The embodiments of the present invention may comprise a special purpose or general purpose computer including various computer hardware, as discussed in greater detail below. Set top boxes that enhance the capabilities of conventional televisions represent an example of a special purpose computer. The embodiments may further comprise multiple computers linked in a networked environment.
Embodiments within the scope of the present invention also include computer-readable media for carrying or having computer-executable instructions or data structures stored thereon. Such computer-readable media can be any available media that can be accessed by a general purpose or special purpose computer. By way of example, and not limitation, such computer-readable media can comprise physical storage media such as RAM, ROM, EEPROM, CD-ROM or other optical disk storage, magnetic disk storage or other magnetic storage devices, or any other medium that can be used to carry or store desired program code means in the form of computer-executable instructions or data structures and that can be accessed by a general purpose or special purpose computer.
When information is transfer or provided over a network or another communications connection (either hardwired, wireless, or a combination of hardwired or wireless) to a computer, the computer properly views the connection as a computer-readable medium. Thus, such a connection is also properly termed a computer-readable medium. Combinations of the above should also be included within the scope of computer-readable media. Computer-executable instructions comprise, for example, instructions and data which cause a general purpose computer, special purpose computer, or special purpose processing device to perform a certain function or group of functions.
The invention will be described in the general context of computer-executable instructions, such as program modules, being executed by set-top boxes or other computers. Generally, program modules include routines, programs, objects, components, data structures, etc. that perform particular tasks or implement particular abstract data types. Computer-executable instructions, associated data structures, and program modules represent examples of the program code means for executing steps of the methods disclosed herein. The particular sequence of such executable instructions or associated data structures represents examples of corresponding acts for implementing the functions described in such steps.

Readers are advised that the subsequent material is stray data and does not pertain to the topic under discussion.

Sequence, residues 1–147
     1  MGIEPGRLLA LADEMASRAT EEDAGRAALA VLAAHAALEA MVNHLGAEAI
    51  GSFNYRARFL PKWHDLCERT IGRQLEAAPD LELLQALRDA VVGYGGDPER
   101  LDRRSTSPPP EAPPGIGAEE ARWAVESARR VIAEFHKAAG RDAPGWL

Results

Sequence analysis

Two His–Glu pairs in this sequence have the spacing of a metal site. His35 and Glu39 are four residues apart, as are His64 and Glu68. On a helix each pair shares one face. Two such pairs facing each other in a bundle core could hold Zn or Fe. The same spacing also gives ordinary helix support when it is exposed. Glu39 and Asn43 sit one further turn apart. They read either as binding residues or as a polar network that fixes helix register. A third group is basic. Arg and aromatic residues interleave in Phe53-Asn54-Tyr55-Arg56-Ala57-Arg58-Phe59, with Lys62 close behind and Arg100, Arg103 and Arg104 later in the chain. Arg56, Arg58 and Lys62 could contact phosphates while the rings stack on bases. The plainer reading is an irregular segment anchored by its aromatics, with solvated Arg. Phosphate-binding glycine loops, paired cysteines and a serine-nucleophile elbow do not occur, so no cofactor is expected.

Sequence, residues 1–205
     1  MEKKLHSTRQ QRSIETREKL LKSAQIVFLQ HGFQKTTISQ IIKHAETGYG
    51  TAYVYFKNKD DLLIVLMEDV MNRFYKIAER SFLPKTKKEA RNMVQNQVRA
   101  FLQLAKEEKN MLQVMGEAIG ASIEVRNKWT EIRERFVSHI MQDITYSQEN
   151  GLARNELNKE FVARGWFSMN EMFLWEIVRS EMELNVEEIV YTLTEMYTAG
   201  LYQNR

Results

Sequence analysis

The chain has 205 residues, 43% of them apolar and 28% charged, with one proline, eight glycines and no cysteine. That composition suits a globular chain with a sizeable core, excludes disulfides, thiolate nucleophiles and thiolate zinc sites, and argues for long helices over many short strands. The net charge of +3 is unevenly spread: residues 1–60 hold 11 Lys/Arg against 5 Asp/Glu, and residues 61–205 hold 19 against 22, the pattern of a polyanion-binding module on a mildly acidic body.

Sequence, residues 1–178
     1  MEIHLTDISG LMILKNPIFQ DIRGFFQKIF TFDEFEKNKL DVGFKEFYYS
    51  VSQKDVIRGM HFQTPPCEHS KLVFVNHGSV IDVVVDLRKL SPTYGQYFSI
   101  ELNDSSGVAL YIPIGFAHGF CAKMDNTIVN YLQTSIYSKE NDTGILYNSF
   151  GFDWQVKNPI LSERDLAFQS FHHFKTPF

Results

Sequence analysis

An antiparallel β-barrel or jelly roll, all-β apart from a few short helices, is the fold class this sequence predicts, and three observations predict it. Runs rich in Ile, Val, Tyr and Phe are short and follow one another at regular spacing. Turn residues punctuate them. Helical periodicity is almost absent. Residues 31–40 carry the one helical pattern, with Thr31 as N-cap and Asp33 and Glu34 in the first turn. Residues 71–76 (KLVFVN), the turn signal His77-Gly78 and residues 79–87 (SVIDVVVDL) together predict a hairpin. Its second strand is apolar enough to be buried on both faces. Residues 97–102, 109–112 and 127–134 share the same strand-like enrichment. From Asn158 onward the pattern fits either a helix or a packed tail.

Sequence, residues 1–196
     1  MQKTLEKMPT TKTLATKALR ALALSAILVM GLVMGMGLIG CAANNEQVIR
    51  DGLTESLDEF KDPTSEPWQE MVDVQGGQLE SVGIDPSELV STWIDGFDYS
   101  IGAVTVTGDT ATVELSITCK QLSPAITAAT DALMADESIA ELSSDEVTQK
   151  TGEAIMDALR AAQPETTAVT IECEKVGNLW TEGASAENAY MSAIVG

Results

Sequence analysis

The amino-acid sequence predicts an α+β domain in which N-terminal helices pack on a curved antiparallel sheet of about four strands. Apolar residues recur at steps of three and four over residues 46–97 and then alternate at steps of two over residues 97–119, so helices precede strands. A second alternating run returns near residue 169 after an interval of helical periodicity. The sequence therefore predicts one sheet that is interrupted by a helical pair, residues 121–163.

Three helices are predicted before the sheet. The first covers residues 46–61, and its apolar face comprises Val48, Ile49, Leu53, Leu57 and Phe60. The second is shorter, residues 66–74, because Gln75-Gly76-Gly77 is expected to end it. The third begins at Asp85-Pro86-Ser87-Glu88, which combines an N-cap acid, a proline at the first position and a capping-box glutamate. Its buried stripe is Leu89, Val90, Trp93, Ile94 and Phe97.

The present invention may be implemented in any computer network environment that facilitates network navigation to web sites. For example, computing devices such as desk-top computers, lap-top computers, Personal Digital Assistants (PDAs), wireless telephones, set top boxes and the like may execute thereon web site navigation software which allows for information such as web pages to be downloaded from web sites through a logical connection with the web site.
The client 101 includes a display device 214 and an audio system 216. The display device, which may be a high definition television display, a standard television display, a flat panel display, a projection device, a high definition television display, a computer monitor, or any other device capable of displaying images or video represented by image or video data. Audio system 216 may be a speaker, a stereo system, or any device capable of presenting sound represented by sound data.
The client 101 also includes a management system 212, which may be a set-top box or other component that has been adapted to facilitate web browsing and television viewing using the display device 214 and audio system 216. Management system 212 may be integrally positioned with or separate from display device 214 and/or audio system 216.
Management system 212 includes a signal input 218, which receives programming from a signal source 220. The programming is transmitted from signal source 220 to signal input 218 via a programming input line 222, which can be a cable or optic connection, a terrestrial antenna system, a satellite system, or any device or system capable of transmitting programming to home management system 212.